Jesus Wept

jesus-wept

Lord Jesus, would You please reply

The world’s in strife, You can’t deny

We turn away from Your commands

And scorn becomes our newest stand; I hear You cry.

 

For those who still in grace believe

We ask Your healing to receive

For who from love will abdicate

Whose nations turn from love to hate; we hear You grieve.

 

Your Body now asunder torn

From accusation now is worn

The ‘right’ and ‘wrong’ denouncing calls

Not grace or love, no light at all; I hear You mourn.

 

It seems majority’s content

To claim their turf, in fact resent

Such talk of love, and grace they shun;

A pity too, because there’s none heed Your lament.

 

In spite of odds, hear Spirit deep

This gift of love and grace to keep

…and as we pray for open hearts

The gap continues, miles apart. And Jesus weeps.

A Line in the Sand

or – Our Three Denials

Line in the Sand

Often, we Christians draw a line in sand around political issues we mistake for biblical issues. Abortion, homosexuality, gun control, Muslims, Israel. Certainly we can find isolated Bible verses that support our position; we quote them often enough. I admit I have.

But I’m here to tell you I’m a red-letter kind of gal. And when I want Truth, I go back to those red letters in my Bible time and time again. And as I reread them and ask the Spirit for clarity to understand them, I continue to see, over and over, the three lines in the sand Jesus drew.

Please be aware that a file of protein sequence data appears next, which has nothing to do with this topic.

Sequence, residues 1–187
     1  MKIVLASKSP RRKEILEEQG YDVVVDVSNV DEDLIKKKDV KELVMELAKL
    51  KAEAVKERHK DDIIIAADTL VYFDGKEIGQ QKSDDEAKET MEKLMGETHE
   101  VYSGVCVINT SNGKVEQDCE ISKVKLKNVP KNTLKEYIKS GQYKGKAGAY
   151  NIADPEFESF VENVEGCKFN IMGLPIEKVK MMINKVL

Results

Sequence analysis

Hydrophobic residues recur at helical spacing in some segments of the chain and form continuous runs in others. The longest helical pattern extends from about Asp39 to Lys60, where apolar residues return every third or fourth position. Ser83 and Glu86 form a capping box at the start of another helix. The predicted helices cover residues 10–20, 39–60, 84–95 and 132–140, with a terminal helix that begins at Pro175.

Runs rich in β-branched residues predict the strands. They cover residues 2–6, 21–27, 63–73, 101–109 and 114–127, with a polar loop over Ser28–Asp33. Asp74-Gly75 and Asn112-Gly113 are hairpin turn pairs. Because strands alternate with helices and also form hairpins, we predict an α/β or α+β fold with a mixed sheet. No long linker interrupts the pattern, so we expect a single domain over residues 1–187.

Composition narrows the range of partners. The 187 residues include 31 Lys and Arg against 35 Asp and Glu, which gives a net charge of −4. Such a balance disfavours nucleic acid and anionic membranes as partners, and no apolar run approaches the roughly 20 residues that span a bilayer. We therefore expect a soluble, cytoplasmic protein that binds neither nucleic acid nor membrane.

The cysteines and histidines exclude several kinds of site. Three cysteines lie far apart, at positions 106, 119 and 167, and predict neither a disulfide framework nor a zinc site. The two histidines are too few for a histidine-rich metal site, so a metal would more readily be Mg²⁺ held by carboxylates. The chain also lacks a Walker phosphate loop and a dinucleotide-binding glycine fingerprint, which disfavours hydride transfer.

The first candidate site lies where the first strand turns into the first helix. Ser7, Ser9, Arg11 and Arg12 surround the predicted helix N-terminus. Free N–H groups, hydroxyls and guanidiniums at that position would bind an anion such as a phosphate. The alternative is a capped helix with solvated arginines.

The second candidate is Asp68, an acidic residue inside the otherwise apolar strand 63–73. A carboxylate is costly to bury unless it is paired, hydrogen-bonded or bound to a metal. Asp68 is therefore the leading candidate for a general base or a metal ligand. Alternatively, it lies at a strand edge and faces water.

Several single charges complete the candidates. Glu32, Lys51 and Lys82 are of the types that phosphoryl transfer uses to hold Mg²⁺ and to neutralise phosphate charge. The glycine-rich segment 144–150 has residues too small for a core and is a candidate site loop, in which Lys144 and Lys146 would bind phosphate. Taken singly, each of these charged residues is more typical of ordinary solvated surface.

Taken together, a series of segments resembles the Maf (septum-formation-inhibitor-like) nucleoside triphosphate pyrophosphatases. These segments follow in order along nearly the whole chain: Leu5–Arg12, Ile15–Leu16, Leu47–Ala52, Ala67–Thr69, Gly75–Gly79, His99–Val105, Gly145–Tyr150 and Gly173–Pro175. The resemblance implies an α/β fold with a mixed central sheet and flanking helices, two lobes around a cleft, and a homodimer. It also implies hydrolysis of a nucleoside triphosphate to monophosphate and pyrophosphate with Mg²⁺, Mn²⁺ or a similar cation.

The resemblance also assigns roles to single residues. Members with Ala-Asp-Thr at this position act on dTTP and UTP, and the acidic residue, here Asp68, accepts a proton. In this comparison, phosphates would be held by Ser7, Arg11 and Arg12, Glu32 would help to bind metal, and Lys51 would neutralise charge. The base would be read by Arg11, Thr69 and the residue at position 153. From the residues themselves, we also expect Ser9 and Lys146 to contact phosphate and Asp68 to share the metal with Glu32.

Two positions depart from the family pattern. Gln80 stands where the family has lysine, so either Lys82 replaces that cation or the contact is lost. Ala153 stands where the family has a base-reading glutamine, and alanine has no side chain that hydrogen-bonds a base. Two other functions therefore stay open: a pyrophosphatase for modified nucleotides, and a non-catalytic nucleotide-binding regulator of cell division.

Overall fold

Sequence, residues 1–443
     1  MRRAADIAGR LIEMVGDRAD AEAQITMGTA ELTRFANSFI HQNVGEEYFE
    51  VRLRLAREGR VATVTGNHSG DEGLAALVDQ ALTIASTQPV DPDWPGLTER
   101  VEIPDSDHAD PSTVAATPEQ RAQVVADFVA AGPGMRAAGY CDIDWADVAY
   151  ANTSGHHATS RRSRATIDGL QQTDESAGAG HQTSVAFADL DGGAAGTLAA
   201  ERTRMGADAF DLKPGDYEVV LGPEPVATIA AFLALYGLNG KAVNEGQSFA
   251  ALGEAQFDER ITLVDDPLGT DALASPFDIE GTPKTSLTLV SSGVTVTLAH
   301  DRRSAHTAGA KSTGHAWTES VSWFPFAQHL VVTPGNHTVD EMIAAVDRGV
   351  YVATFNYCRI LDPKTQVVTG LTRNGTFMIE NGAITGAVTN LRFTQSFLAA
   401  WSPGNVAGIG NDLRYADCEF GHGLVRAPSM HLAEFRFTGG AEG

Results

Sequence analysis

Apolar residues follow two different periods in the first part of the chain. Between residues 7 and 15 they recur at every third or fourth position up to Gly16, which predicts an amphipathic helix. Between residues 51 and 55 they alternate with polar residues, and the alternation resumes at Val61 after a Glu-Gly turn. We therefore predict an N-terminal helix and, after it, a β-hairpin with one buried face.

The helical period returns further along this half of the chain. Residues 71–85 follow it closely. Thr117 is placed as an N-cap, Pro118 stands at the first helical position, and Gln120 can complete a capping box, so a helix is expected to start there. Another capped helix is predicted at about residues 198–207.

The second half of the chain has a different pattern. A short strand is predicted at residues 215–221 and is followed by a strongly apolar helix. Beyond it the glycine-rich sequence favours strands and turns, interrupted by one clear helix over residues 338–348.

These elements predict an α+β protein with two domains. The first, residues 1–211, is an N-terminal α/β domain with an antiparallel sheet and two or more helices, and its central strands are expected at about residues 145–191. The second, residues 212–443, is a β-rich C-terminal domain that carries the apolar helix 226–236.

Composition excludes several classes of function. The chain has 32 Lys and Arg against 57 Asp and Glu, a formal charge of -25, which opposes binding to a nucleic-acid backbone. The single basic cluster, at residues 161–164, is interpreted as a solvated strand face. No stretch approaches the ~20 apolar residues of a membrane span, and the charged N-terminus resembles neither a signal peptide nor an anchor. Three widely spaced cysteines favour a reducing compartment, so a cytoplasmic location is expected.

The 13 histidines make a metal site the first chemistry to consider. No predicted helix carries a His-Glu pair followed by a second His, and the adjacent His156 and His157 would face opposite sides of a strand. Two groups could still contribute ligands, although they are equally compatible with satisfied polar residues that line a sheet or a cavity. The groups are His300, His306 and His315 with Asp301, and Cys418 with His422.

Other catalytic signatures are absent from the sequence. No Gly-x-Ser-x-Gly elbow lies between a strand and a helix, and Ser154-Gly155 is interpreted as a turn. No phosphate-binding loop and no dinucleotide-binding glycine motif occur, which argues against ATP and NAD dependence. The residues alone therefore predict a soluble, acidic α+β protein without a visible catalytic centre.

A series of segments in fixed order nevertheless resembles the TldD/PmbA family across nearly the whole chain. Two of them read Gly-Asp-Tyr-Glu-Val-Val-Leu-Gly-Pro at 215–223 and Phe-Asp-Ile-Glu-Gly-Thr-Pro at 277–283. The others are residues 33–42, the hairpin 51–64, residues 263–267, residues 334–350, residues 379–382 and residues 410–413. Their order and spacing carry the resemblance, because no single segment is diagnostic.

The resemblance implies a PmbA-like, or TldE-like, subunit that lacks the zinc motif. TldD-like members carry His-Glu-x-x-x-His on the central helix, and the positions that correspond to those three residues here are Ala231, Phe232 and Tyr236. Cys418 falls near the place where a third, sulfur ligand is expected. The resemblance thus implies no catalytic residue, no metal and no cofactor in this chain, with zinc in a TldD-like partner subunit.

“You have heard that it was said, ‘You shall love your neighbor and hate your enemy.’ But I say to you, Love your enemies and pray for those who persecute you, do good to those who hate you, bless those who curse you so that you may be sons of your Father who is in heaven. For he makes his sun rise on the evil and on the good, and sends rain on the just and on the unjust.” (Matthew 5:43-45, Luke 6:27)

As we continue to vilify all who are not like us, treat “them” like groups who need to be condemned, isolated, in some cases obliterated, we act in fear. But Jesus calls us to act in love. He calls us to pray for enemies, whoever we might consider to be a foe, whether a rival, assailant, detractor, terrorist or sinner. We are called to be more than our basest instincts chain us to be.

“I was hungry, and you gave me nothing to eat. I was thirsty, and you gave me nothing to drink. I was a stranger, and you didn’t take me into your homes. I needed clothes, and you didn’t give me anything to wear. I was sick and in prison, and you didn’t take care of me. They, too, will ask, ‘Lord, when did we see you hungry or thirsty or as a stranger or in need of clothes or sick or in prison and didn’t help you?’ ‘I can guarantee this truth: Whatever you failed to do for one of my brothers or sisters, no matter how unimportant they seemed, you failed to do for me.” (Matthew 25:42-45)

Exactly how many starving immigrants do we have to deny from our warm, spacious homes? How many millions of refugees fleeing for their lives will continue to wander in deserts, in oceans with no opportunity for safety? How many hundreds of thousands of children will have to die before we allow the Holy Spirit to transform our hearts from fear to love?